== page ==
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JimHawkins is correct; your forces are all wrong. You cannot decrease the horizontal force applied to the anchor out front, and tension applied with a second opposing anchor can only increase that force.

Moreover, I don't see from your diagram that this tension from the second anchor will lower the vertical lifting force on the main anchor. It will remain the same, with only greater horizontal force (hence the lower angle deceiving you). Conversely the vertical force on the boat will be greater (sum of that of the two rodes).

The numbers range from "no difference" (with no tension applied to the second anchor) to a doubling of horizontal force on the main anchor, assuming the secondary anchor can sustain the same (with rope and chain tensions equalized).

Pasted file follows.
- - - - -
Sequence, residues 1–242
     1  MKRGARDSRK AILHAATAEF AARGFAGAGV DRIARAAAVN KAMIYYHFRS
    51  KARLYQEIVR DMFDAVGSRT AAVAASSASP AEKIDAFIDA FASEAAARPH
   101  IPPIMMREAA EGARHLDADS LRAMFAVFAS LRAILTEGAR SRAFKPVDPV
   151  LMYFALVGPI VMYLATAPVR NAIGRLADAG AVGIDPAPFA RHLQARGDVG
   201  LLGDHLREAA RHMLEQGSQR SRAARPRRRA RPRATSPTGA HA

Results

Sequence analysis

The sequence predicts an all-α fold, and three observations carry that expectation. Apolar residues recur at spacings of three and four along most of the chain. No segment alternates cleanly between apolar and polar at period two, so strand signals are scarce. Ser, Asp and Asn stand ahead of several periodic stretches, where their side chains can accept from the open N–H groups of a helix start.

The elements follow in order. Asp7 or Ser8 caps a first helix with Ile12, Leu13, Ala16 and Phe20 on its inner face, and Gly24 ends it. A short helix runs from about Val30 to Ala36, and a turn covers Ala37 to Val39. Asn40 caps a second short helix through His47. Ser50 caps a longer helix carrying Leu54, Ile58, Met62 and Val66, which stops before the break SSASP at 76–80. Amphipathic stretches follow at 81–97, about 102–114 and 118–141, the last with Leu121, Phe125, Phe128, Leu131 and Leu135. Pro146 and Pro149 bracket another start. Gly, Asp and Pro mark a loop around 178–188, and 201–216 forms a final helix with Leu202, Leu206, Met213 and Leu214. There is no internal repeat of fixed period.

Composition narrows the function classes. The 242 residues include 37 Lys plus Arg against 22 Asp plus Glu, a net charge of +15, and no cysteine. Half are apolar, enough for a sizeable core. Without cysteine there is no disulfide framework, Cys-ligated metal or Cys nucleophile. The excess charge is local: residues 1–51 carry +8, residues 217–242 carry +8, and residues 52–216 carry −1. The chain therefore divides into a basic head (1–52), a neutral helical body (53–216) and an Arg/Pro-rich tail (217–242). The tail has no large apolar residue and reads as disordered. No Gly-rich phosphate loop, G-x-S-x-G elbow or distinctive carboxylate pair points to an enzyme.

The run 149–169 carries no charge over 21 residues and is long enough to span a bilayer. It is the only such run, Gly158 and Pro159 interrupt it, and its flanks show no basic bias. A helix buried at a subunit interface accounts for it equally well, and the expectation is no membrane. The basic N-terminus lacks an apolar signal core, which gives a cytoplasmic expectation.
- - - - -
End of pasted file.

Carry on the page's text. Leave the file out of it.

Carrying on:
~

The only way to relieve the force on the primary anchor is to use additional anchors (assisting in the same direction). The only way to ensure equilibrium between such multiple anchors is to daisy-chain them in a tandem rig, whereby the force on the primary anchor is relieved by the opposing force of the attached tandem out front. This is speaking in theoretical terms, and may or may not be necessary.
 

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Mermaid Hunter
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It would take someone wit ha Physics background to work it out.
Have you ever jumped a halyard? The physics are the same. Your diagram "jumps" the connection between the anchors so that the force pulling the anchors together is a significant multiple of the force you see at the boat.